This week (October 31- November 6) in English literary history – Sir Arthur Conan Doyle’s The Adventures of Sherlock Holmes was published (October 31, 1892); Stephen Crane was born (November 1, 1871); Penguin Books was acquitted of obscenity charges over D.H. Lawrence’s Lady Chatterley’s Lover (November 2, 1960); William Makepeace Thackeray’s The Luck of Barry Lyndon was published in Fraser’s Magazine (November 3, 1844); T.S. Eliot was awarded the Nobel Prize in literature (November 4, 1948); Willa Cather began writing for the Nebraska State Journal (November 5, 1893); English Playwright Thomas Kyd was baptized (November 6, 1558).
Highlighted Story of the Week -
On November 1, 1871, Stephen Crane, author of The Red Badge of Courage, was born Newark, New Jersey. His father died when Crane was 9, and the family later settled in Asbury Park, New Jersey. At Syracuse University, Crane played baseball for a year before dropping out to become a journalist in New York City. He worked briefly for several newspapers and scraped by in near poverty. While struggling to make a living, Crane closely observed the characters around him. In 1893, at age 23, he published Maggie: A Girl of the Streets, about a poor girl's decline into prostitution and suicide. Finding a publisher was difficult given the book's scandalous content, so Crane ultimately published it himself. The book was a critical success but failed to sell well. He turned his attention to more popular topics and wrote The Red Badge of Courage (1895). The book was serialized by a newspaper syndicate, and Crane became an international celebrity at age 24.
After the novel's success, the newspaper syndicate sent Crane to cover the West and Mexico. In 1897, he went to Cuba to write about the insurrection against Spain. On the way there, he stayed at a dingy hotel where he met Cora Howard Taylor, who became his lifelong companion. In 1897, his boat to Cuba sank, and he barely survived. His short story "The Open Boat" is based on his experiences in a lifeboat with the captain and cook. Crane later covered the war between Greece and Turkey, and settled in England, where he made friends with other literary greats such as Joseph Conrad, H.G. Wells, and Henry James.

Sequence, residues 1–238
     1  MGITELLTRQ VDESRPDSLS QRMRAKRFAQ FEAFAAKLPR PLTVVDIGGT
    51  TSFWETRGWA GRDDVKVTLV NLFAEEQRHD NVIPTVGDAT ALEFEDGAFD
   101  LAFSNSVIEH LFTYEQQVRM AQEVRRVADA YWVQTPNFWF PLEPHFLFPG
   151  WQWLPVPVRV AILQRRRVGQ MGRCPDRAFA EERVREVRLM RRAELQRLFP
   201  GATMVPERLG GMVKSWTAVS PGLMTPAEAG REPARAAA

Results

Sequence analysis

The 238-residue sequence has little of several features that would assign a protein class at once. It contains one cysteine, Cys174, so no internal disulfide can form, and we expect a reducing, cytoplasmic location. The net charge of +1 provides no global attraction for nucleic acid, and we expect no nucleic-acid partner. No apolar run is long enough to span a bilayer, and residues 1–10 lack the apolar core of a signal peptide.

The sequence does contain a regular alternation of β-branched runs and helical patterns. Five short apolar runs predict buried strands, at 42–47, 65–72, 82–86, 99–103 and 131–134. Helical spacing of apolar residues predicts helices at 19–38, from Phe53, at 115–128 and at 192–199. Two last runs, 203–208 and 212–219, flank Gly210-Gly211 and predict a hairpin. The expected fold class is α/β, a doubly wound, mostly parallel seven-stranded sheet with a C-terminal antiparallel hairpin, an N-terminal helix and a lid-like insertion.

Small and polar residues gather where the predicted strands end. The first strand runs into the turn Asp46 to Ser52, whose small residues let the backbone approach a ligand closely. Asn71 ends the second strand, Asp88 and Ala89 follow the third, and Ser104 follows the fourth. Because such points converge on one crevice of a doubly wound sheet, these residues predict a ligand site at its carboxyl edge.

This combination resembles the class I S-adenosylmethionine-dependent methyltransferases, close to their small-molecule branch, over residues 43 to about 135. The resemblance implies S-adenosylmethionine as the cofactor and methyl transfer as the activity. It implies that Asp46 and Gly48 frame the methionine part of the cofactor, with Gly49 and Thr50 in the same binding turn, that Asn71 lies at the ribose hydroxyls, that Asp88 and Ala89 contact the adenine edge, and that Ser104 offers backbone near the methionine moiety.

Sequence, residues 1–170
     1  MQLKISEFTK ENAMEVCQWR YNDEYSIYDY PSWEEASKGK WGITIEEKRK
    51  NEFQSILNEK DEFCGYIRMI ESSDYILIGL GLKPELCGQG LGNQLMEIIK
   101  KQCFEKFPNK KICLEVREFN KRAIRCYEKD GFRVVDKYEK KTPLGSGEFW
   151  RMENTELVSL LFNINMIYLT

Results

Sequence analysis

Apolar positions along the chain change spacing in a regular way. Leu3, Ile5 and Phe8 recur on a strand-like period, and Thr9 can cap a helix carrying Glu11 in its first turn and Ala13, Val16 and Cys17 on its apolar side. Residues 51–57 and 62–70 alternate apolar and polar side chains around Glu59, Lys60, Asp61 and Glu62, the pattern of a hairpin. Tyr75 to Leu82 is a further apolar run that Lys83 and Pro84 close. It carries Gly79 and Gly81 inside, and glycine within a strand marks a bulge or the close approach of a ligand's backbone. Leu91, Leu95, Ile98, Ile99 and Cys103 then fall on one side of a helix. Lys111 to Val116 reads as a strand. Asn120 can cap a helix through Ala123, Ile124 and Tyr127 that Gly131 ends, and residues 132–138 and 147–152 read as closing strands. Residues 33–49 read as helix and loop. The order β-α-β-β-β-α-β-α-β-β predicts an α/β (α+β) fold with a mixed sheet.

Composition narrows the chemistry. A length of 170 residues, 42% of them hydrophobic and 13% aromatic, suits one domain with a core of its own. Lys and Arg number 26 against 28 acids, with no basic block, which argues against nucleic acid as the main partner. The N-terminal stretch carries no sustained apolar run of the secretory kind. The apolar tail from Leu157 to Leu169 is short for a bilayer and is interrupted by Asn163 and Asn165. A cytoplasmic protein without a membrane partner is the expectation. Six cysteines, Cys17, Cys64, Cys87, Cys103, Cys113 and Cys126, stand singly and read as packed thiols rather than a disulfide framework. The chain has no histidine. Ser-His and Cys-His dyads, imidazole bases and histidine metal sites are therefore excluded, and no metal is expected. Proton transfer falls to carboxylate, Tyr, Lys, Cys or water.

Crane had been in poor health for many years and had contracted tuberculosis in his late 20s. Cora Howard Taylor nursed him while he wrote furiously in an attempt to pay off his debts. He exhausted himself and exacerbated his condition. In late May 1900, he and Cora traveled to a health spa in the Black Forest near Badenweiler, Germany where he died on June 5, at the age of 28. His body was returned to the U.S. for burial at Evergreen Cemetery in Newark, New Jersey.
Check back every Friday for a new installment of This Week in English Literary History
Michael Thomas Barry is the author of numerous books that include the gold medal winning Literary Legends of the British Isles: The Lives and Burial Places of 50 Great Writers (2013) and America’s Literary Legends: The Lives and Burial Places of 50 Great Writers (2015). Visit Michael’s website www.michaelthomasbarry.com for more information. These books can be purchased through the following links:
Amazon - http://www.amazon.com/Americas-Literary-Legends-Burial-Writers/dp/0764347020/ref=sr_1_3?ie=UTF8&qid=1414768189&sr=8-3&keywords=michael+thomas+barry